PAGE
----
In this post: Lucha Corpi, Infinite Divisions, Chicano Detective Fiction, Curbstone Press.
Gina's splendid review yesterday of Prietita and The Ghost Woman and her observation that "[m]aybe La Llorona is just another aspect of Tonantzin the Earth Mother, La Virgen de Guadalupe. Maybe the sound of her wailing is because we don’t listen, we’re forgetting our lore, our heirbas, our recetas, our language. Quien sabe?" got me to thinking of other books (notice how often my brain kicks in after reading a post by one of my compas here on La Bloga?) where such themes occur, where the traditional tales are applied to current situations. That train of thought took me to Lucha Corpi and her novel Black Widow's Wardrobe. Lucha has published five novels, four of which usually are classified as Chicano detective fiction. Black Widow's Wardrobe appeared in 1999 (Arte Público Press). Here's an excerpt from a review I did of this book back then:
"Black Widow's Wardrobe is nothing less than a re-telling of the legend and myth of La Malinche, Cortez's mistress branded forever as a traitor. The use of La Malinche signals a deepening of the trend of the past several years to rewrite Malinche's story in order to overcome the inherent sexism and racism of that history. In Corpi's book, Malinche is the target of betrayal, not its purveyor, and she definitely is not her husband's victim. Corpi also flips the myth of La Llorona on its head. The ancient tale of the woman who murdered her children and was thus forced to cry forever along riverbanks, which has been used for centuries by mothers and grandmothers to instill good behavior in unruly children, gets a complete overhaul in Corpi's mystery novel. Under Corpi's pen, the children are the possible murderers of their mother and it is they who must suffer the consequences. ... This is a Chicana tale of discovery and reaffirmation, and a cultural reclamation project that just happens to have a detective as a protagonist."
If you are interested in reading more about what Chicana writers have done with the old myths, such as La Llorona or Malinche, I suggest a good starting point is the excellent Infinite Divisions: An Anthology of Chicana Literature, edited by Tey Diana Rebolledo and Eliana S. Rivero (University of Arizona Press, 1993). An entire section of this book is devoted to Myths and Archetypes, and it includes selections from authors such as Pat Mora, Carmen Tafolla, Alicia Gaspar de Alba, Sandra Cisneros, and Corpi.
Here's a taste of the poem La Malinche by Carmen Tafolla:
But Chingada I was not.
Not tricked, not screwed, not traitor.
For I was not traitor to myself ---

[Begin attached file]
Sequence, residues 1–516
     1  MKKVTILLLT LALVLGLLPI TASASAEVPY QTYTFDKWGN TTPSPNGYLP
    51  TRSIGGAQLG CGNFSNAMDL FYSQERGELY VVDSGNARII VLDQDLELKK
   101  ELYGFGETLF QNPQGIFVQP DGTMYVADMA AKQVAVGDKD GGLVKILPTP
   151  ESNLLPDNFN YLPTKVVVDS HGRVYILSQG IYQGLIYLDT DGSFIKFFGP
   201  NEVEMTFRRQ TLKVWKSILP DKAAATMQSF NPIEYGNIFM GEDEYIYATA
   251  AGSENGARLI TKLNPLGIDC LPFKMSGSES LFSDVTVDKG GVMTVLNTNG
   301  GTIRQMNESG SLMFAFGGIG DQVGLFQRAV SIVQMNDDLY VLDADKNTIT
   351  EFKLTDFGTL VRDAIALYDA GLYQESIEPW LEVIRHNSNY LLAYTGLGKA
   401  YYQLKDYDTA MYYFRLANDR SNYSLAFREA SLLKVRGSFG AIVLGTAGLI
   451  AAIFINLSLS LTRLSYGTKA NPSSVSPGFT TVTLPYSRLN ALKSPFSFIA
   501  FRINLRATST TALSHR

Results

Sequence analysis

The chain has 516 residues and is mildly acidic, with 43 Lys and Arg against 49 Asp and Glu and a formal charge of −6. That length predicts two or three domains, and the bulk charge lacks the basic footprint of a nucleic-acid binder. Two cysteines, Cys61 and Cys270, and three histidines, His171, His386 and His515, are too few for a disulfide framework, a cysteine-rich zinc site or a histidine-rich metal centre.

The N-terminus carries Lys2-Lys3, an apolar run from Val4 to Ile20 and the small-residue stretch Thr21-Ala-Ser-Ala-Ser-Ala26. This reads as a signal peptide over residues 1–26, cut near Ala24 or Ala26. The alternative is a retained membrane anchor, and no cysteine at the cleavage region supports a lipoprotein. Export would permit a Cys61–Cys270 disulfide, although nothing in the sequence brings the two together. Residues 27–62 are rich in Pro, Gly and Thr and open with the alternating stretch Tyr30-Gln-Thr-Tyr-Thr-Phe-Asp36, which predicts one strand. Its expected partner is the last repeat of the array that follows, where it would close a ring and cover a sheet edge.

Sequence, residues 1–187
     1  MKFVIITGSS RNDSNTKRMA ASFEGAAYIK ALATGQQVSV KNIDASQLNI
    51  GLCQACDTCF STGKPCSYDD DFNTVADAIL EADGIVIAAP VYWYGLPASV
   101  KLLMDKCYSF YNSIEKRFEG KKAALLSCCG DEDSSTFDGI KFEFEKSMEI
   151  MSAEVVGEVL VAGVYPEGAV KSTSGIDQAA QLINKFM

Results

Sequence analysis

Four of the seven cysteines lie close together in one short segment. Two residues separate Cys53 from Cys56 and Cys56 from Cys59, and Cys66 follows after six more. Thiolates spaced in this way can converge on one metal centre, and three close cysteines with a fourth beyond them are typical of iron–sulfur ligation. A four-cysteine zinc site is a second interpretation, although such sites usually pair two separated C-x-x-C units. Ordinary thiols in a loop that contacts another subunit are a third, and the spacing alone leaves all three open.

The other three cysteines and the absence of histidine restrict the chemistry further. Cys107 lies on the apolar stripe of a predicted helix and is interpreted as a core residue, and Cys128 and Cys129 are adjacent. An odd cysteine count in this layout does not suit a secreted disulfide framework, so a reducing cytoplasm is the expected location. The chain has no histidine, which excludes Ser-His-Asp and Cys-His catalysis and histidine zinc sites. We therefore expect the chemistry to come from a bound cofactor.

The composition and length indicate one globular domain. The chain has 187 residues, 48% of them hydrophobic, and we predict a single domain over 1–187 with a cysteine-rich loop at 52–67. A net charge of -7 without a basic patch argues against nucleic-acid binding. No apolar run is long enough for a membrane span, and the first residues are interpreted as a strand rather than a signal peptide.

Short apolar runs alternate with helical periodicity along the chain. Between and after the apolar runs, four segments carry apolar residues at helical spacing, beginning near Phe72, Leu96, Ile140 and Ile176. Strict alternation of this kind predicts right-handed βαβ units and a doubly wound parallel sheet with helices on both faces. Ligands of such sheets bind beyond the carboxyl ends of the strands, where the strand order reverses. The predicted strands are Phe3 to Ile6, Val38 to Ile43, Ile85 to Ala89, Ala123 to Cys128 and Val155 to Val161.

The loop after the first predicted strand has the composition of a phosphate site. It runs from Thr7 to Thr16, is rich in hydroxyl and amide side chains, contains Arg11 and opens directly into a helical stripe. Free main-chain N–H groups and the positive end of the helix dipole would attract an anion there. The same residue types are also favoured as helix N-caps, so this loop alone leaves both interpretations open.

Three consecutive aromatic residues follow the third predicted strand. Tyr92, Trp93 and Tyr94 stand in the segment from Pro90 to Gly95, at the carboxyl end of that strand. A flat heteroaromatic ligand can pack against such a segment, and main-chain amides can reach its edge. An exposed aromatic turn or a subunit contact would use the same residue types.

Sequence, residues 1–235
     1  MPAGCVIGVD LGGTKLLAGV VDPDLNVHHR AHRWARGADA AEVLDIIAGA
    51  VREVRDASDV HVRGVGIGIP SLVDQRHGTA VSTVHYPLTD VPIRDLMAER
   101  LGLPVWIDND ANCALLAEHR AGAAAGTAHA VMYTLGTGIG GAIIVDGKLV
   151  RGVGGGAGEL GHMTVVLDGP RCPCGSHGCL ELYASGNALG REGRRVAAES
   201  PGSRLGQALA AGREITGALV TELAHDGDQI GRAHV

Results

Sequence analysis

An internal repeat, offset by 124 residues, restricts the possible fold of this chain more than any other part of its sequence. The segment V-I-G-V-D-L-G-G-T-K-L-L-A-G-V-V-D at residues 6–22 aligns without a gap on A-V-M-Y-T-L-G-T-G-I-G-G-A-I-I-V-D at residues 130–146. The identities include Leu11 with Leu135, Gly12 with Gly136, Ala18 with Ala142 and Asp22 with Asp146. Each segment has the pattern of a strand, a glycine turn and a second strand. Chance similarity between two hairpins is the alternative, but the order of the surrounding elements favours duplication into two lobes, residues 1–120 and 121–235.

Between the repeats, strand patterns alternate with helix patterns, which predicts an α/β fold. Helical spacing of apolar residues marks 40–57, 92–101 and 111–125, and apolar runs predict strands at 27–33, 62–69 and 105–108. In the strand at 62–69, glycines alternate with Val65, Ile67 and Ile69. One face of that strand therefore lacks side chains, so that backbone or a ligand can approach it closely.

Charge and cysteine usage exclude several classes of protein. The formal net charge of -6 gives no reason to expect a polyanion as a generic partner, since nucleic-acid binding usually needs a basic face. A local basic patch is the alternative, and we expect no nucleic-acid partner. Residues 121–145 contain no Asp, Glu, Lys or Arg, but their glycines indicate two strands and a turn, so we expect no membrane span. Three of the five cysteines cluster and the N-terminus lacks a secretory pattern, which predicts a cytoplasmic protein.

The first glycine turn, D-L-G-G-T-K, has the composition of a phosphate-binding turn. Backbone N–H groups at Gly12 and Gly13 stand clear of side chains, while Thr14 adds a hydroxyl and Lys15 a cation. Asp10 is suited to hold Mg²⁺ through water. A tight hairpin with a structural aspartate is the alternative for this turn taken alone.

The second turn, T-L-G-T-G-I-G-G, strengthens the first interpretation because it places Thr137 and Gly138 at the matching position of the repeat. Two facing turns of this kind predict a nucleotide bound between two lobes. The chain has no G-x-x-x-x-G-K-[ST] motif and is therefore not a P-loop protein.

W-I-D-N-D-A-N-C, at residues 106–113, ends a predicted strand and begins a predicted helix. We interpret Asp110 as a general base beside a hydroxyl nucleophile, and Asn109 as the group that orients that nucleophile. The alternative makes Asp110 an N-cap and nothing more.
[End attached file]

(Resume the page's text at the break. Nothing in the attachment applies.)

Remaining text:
I saw a dream
and I reached it.
Another world .....
Chicano Detective Fiction
Speaking of Chicano detective fiction - the critical study of five novelists in this genre (including Lucha Corpi), Chicano Detective Fiction by Susan Baker Sotelo (McFarland & C0., 2005) received a very positive review in the most recent issue (#8) of Crime Spree Magazine, the best of the mystery magazines, in my opinion. The review said, "While this book is obviously set up to be used as a text book, it is a wonderful introduction to a group of writers who are becoming more and more influential. Sotelo's love for the work shows through out the book. It is extremely well researched and informative, and while it could easily become dry reading, it doesn't. It made me want to go back and reread some of these books with different eyes."
Congratulations to Curbstone Press, which celebrates its 30th anniversary on September 25 at Eastern Connecticut State University from noon to 5 p.m. The party will include a gala poetry reading, some very special honored guests, a Latin American buffet meal, and more, alfresco under festive tents. Find out more about the party at this web page. Curbstone is dedicated to "creative literature that invites readers to examine social issues, encourages a deeper understanding between cultures, and reflects a commitment to promoting human rights." This press has published several Latino/a writers over the years (Ana Castillo's latest, Watercolor Women / Opaque Men is from Curbstone), and many of them will be at the party. Not to be a name-dropper, but the Curbstone website says that they expect at least the following Latino/a writers to attend: Claribel Alegría, Arturo Arias, Naomi Ayala, Martín Espada, Lorraine López, Nicholasa Mohr, and Luis J. Rodríguez. That's an impressive guest list for any party.